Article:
Bing Transit

Last week, on September 16th, Microsoft’s Bing Maps added transit directions, following the lead of Google Maps, which added transit directions beginning in late 2005.

Bing offers transit directions for 11 cities: Boston, Chicago, Los Angeles, Minneapolis, New Jersey, New York City, Philadelphia, San Francisco, Seattle, Washington DC, and Vancouver.  For the official announcement, see the Bing Community Blog (Bing Maps Gets Transit Directions).

Microsoft is using General Transit Feed Specification (GTFS) data feeds in the application, the same data used in Google Maps.  Transit directions should be part of every mapping application.  The common GTFS standard and open data is enabling this broader integration and availability.

It is very promising to see the second major online mapping service add transit directions.  I hope we’ll also see MapQuest and Yahoo! Maps follow along.  As the Bing Maps transit directions feature develops and more agencies are added, I’ll post to the Trillium blog.  I will also post as transit directions (hopefully) are added to other online mapping services.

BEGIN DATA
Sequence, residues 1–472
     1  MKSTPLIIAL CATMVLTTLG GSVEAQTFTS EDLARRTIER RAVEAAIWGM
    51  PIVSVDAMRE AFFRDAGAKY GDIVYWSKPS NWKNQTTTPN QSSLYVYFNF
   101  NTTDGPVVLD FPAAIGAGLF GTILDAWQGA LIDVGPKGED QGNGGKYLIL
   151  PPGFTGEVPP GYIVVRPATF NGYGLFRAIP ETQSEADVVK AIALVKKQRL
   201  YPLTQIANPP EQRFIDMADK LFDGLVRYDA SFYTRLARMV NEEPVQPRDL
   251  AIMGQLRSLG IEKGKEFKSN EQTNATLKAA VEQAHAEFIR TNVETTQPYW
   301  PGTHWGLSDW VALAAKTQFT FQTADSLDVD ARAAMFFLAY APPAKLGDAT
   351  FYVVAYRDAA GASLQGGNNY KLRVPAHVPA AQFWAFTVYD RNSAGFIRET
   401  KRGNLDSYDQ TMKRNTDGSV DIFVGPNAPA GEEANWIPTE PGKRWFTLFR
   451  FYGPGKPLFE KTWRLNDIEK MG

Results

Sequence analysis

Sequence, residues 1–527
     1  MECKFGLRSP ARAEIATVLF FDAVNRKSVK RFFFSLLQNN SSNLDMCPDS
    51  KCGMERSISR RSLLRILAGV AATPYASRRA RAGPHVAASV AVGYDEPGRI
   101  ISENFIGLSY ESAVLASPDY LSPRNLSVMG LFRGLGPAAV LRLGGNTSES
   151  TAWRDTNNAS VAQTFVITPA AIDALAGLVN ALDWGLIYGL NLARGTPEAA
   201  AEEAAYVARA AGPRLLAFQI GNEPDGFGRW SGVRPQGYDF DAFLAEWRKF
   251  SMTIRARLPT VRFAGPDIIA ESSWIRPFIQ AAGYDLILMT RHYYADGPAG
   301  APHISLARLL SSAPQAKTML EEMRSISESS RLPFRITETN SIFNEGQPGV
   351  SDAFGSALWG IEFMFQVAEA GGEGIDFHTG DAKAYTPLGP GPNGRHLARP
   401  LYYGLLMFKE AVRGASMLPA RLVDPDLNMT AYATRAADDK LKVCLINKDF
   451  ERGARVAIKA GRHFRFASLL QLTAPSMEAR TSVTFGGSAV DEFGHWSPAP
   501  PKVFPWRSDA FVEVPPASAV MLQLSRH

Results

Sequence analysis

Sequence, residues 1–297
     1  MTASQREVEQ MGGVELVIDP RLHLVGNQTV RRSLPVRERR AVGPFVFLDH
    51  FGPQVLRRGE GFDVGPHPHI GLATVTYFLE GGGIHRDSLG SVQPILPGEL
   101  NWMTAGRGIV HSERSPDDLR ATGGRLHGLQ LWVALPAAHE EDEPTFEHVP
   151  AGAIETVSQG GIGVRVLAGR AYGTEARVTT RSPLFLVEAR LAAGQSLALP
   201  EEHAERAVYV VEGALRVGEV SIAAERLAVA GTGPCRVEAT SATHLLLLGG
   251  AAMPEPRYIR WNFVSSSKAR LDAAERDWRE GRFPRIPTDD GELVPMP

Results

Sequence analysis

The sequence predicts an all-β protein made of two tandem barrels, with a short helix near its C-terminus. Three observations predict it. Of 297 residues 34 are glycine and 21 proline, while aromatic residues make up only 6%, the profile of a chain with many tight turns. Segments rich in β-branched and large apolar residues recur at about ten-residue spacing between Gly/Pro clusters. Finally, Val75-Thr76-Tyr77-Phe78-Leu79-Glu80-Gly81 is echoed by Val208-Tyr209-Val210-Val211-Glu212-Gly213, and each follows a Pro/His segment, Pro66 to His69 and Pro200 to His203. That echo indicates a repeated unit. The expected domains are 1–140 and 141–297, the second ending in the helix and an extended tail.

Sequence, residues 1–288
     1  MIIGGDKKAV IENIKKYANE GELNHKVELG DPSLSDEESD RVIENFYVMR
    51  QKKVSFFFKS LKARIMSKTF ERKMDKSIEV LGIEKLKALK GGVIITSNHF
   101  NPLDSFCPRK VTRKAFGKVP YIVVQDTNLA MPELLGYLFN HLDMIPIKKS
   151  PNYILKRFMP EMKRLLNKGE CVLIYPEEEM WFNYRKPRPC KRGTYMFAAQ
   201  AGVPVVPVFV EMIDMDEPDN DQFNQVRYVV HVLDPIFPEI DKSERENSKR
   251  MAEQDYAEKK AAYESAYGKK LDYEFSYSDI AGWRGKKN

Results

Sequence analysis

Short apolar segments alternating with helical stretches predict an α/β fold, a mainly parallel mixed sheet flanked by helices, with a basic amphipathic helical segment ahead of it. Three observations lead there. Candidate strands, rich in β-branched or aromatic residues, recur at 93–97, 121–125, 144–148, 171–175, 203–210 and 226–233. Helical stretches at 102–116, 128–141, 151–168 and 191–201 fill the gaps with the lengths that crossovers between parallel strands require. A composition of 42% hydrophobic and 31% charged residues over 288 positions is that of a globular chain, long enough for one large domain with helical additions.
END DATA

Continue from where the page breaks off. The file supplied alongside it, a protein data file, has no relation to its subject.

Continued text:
Screenshot of an itinerary from Bing Maps. Notice the display of the previous and next stop: "If you reach 16th St Mission BART, you've gone too far."

Aaron is the founding principal of Trillium Solutions, Inc. He brings experience that includes 12 years of web-development with 8 years in public transportation, with knowledge of fixed-route transportation, paratransit, rural transportation, and active transportation modes. Aaron is a recognized expert in developing data standards, web-application design, digital communications, and online marketing strategy. He originally developed Trillium’s GTFS Manager, and has played a key role in the development of the GTFS data specification since 2007.